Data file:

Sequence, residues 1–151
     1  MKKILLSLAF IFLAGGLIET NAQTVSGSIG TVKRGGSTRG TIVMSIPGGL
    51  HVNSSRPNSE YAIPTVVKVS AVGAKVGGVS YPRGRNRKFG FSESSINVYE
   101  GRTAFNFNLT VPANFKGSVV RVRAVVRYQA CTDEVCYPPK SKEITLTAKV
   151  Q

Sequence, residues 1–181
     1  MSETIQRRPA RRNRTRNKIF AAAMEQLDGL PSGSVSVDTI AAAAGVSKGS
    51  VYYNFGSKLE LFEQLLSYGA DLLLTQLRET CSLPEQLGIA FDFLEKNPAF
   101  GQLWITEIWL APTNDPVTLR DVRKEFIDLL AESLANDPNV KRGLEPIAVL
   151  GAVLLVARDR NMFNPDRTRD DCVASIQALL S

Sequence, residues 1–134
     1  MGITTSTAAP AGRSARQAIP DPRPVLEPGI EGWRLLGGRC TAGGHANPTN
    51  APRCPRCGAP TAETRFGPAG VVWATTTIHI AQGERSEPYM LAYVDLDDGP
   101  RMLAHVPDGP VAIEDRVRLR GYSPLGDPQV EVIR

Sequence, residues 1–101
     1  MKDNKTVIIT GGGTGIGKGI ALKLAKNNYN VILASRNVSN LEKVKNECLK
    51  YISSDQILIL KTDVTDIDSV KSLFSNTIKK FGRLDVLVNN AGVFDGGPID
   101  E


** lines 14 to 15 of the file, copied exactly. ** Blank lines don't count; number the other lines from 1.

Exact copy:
   101  RMLAHVPDGP VAIEDRVRLR GYSPLGDPQV EVIR

Sequence, residues 1–101